In fact, there were three American breds in the race, but two of them, Cloud Illusion (Smarty Jones) and Porthgwidden Beach (Street Cry) had raced like tractors in their debut outings. The trainer of the first had never won a race with a 2-year-old and the trainer of the second had won only 5% with his 2yos, showing a negative 75% return on investment. These two were easy to eliminate.

One more American bred remained: Winnie Dixie, sired by a leading juvenile sire of 2009, Dixie Union. Winnie Dixie’s dam sire was Allen’s Prospect, pure sprint. Winnie Dixie’s trainer, Paul Cole, showed a flat-bet loss in all categories except 2-year-olds, where he had 23% wins and a 1.75 return on investment for each 1.00 pound.

I was tempted to leave out the Gosden horse, who technically was not an American bred. But I couldn’t get past his sire, Hennessy, nor could I ignore that Gosden was hot in the baby races.

I ended up putting the empirical 40% of my wager to win on Winnie Dixie, the poetic 40% to win on Symi, and the remaining yin-yang 20% on a quinella with the two.

They got off, and from the start, Symi was struggling, having left from the outside 16-hole. Even with a degree of early speed, it looked as if Symi could not get settled comfortably in the first furlongs. Barring a miracle, my remaining hopes rested on Winnie Dixie.

From the inside, Winnie Dixie gradually moved from mid-pack to presser and to the lead. As Symi was calling it a day, a Richard Hannon horse came out to challenge Winnie Dixie. A sixteenth from the finish, I witnessed a poetic symmetry between this race and the Gold Pearl event from the previous Monday: American bred chased by a Hannon horse.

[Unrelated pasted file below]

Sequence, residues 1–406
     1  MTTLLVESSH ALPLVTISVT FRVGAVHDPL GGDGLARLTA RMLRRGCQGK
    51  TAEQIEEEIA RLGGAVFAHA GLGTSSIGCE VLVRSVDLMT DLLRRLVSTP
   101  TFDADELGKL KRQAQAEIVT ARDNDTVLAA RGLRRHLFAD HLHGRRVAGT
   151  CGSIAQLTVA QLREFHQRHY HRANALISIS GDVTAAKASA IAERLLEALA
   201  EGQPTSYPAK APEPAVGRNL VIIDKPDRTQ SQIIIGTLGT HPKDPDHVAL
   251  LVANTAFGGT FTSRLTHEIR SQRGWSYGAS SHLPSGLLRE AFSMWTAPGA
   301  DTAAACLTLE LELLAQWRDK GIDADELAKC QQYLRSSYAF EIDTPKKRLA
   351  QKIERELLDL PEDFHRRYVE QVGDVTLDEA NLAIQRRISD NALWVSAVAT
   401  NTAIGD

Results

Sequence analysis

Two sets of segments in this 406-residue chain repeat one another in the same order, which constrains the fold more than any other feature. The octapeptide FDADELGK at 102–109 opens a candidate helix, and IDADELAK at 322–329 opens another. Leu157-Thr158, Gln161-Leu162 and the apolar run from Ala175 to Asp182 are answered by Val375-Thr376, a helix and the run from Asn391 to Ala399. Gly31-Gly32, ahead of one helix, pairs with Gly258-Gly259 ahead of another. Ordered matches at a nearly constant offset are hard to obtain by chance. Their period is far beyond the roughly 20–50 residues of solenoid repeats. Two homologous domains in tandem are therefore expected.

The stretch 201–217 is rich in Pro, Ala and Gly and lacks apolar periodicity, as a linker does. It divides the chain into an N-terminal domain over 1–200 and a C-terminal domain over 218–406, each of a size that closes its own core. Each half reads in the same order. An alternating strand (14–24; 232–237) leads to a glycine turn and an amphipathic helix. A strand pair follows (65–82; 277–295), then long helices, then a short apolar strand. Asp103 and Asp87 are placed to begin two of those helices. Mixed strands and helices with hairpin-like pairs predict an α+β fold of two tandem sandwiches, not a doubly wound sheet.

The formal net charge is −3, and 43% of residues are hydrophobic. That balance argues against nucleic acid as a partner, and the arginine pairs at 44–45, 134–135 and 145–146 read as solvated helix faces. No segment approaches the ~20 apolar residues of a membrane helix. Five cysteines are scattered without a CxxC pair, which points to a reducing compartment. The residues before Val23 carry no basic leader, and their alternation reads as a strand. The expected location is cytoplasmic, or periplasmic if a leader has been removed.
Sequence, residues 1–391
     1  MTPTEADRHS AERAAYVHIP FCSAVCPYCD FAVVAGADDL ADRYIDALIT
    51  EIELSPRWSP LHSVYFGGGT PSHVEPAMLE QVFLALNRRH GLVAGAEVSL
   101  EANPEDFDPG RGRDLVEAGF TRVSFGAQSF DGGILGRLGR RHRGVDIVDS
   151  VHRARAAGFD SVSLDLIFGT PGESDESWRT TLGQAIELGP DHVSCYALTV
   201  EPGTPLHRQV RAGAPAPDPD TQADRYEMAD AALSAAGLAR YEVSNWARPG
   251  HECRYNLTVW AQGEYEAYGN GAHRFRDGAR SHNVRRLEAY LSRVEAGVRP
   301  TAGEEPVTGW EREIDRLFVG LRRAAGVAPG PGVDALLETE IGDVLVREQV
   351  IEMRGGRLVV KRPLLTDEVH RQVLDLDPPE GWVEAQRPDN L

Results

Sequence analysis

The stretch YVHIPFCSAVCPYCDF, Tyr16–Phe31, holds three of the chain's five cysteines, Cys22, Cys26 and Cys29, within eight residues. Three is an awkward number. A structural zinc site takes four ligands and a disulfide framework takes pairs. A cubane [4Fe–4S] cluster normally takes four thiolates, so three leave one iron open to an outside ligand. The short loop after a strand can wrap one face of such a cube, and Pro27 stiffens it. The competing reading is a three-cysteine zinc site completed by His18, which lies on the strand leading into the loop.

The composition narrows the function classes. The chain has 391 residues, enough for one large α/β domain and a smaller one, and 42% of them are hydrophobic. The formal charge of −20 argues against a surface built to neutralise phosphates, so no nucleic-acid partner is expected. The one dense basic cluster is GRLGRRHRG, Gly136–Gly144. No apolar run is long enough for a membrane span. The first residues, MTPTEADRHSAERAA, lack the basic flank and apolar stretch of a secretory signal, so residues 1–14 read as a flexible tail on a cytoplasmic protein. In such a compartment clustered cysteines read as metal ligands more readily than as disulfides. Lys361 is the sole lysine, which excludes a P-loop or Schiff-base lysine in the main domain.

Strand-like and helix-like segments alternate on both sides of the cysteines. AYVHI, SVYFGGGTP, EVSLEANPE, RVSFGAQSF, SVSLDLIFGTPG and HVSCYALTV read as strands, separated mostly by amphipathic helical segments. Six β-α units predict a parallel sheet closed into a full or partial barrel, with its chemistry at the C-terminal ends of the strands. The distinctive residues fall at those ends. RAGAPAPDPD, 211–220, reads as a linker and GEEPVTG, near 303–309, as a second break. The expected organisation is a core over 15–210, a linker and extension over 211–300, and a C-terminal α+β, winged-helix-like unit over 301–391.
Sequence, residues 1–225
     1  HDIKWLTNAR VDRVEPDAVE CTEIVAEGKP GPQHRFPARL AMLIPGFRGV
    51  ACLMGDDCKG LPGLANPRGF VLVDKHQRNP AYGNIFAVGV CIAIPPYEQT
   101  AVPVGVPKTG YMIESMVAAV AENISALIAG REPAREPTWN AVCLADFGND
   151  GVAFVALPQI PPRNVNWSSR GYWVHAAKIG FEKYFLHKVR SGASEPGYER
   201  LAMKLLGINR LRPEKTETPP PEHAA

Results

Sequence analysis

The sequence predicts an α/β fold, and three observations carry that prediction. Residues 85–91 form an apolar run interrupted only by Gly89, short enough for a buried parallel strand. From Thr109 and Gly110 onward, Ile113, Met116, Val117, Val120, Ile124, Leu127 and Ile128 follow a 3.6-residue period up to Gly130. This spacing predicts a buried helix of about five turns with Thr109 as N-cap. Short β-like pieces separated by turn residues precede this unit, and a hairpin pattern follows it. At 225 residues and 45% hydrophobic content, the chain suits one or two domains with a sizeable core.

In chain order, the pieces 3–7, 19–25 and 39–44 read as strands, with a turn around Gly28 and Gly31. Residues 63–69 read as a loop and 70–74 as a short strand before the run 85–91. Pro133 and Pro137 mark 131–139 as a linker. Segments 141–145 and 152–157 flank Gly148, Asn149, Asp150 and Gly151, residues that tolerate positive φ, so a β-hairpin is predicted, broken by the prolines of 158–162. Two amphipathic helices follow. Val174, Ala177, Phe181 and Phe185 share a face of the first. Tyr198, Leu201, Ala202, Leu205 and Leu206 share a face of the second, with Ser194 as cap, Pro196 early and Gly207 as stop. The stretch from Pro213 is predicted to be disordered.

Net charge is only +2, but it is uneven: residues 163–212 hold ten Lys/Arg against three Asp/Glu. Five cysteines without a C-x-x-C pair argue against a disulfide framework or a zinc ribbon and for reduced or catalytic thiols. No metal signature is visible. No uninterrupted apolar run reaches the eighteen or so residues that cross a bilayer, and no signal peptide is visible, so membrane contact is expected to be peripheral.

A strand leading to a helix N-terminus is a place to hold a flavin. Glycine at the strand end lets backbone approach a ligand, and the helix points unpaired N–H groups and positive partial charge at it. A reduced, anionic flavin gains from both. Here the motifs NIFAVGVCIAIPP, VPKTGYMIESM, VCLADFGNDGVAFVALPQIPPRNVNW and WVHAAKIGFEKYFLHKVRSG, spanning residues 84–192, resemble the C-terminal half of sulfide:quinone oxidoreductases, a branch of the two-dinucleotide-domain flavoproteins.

Winnie Dixie drew away easily. She returned 5.4 –1. The exacta with the Hannon horse, which I did not have, returned 54.60 for 2.

Once more we have seen the combination of American pedigree in Euro sprints, in juxtaposition with positive trainer specialty stats.

In a way, these maiden races are ideal for interactive on-line past performances. There is less information required to manipulate, meaning less of a chance for information overload.

In the days leading up to our bicycle odyssey, I resolved keep a keen eye open for any possible American pedigree advantage for young horses in sprint races.

PS Mark paid for this entire adventure through bets he made at these 11 tracks. But the book goes beyond those 11 tracks and provides handicapping lessons for foreign racing in general, with examples from England, Dubai, and other racing venues.

In later chapters, you can see how American speed pedigree functions in Euro dirt races. But above all, a major point in the book is that potent handicapping factors that work in the USA can be applied abroad, almost anywhere on the globe. In this case, it's the binary combination of a positive trainer stat and a hot 2-year-old sire.